INVESTIGATION: Leadership PACs pay for “Washington Mardi Gras”

Local News

(8/22/2018) They’re called Leadership Political Action Committees, but critics claim they’re nothing more than slush funds. NBC 10 Washington, D.C. correspondent Drew Petrimoulx investigates how Louisiana’s delegation uses other people’s money to bring Mardi Gras to the nation’s capital.  

They say it’s one of the best parties in town.  Washington Mardi Gras brings the pageantry and revelry of Bourbon Street to the nation’s capital.

It’s a three-day affair complete with cocktail parties, a pageant and even an indoor parade.

The Louisiana congressional delegation is heavily involved, and they help foot the bill to the tune of hundreds of thousands of dollars.

The money comes from lawmakers’ Leadership Political Action Committees.

First allowed by the FEC 40 years ago, Leadership PACs provided a way for elected officials to raise money and dole it out to other like-minded politicians and candidates.

Over the past two years, Senator Bill Cassidy, R-LA, spent a total of more than $100,000 on the yearly party for catering and event space at the Washington Hilton and for tickets from the Mystic Krewe which puts on the events.

Over the same period, Representative Steve Scalise, R-LA, used his Leadership PAC to spend nearly $40,000 at the Hilton and more than $53,000 on tickets.

Congressmen Ralph Abraham, R-LA, Clay Higgins, R-LA, Cedric Richmond, D-LA and Senator John Kennedy, R-LA, also used their Leadership PAC money to support Washington Mardi Gras.

All told, members of the Louisiana delegation spent more than a $250,000 on the 2017 and 2018 events.

It’s held at the Washington Hilton — one of the premiere venues spaces in the city. Scores of louisianians travel to D.C. for the celebration. There are meetings and mingling. Some lawmakers also host fundraisers.

But critics say Leadership PACs have strayed from their original intent.

“It’s just one more thing that makes people feel that politicians are disconnected from their constituents,” said Ellen Weintraub, Vice Chair of the Federal Elections Commission, who has spent years trying to rein in spending by Leadership PACs. “I don’t think their intent is to subsidize the lifestyle of the people who are receiving the money.”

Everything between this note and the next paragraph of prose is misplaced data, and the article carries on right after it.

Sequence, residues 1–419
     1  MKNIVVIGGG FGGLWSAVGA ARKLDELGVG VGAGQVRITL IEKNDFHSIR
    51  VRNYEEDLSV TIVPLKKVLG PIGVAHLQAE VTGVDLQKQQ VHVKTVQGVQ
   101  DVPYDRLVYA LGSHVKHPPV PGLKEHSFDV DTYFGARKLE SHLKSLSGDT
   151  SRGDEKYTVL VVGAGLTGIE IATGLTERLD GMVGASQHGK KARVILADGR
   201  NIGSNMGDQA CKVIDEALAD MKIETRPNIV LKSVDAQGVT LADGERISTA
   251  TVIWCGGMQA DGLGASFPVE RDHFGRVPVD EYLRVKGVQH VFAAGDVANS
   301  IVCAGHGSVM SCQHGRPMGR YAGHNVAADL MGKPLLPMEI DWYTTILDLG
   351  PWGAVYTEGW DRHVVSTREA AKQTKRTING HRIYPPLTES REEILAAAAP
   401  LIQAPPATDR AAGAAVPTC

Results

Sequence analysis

But that’s exactly what Michael Beckel with Issue One says lawmakers across the country are doing.
“They are collecting money from special interest groups that have business before their committees and donors who have already maxed out to their campaigns,” Beckel said. 
 
Issue One conducted a nationwide study that found lawmakers use that money to pay for things like luxury resorts, golf memberships, fine dining and big parties.

“If you’ve got additional pots of money that a special interest or wealthy donor knows that they can give to curry favor, that’s one more potential avenue for corruption in the process,” Beckel said. 
 
The Louisiana lawmakers defend their participation in Washington Mardi Gras. They say it promotes the state.

During the events they meet with other officials and constituents, hearing about the needs and concerns of people in Louisiana.  

But no-one from the Louisiana congressional delegation was willing to discuss their support for Washington Mardi Gras on camera.

“I think all the critics of this show that they really don’t trust the American people to make their own decisions on the candidates that they want to vote for,” said Former FEC commissioner Hans Von Spakovsky, a defender of Leadership PACs.

He argues that they are an expression of political free speech and there’s nothing secret about the spending.

Beckel and Weintraub say the Leadership PACs need more regulation. But Weintraub can’t muster the votes on the FEC to limit their spending.

“I could write a scathing statement about it,” she said. “But I couldn’t actually punish anybody.”

Change would likely require new laws passed by the very people taking advantage of the status quo: members of congress.
 

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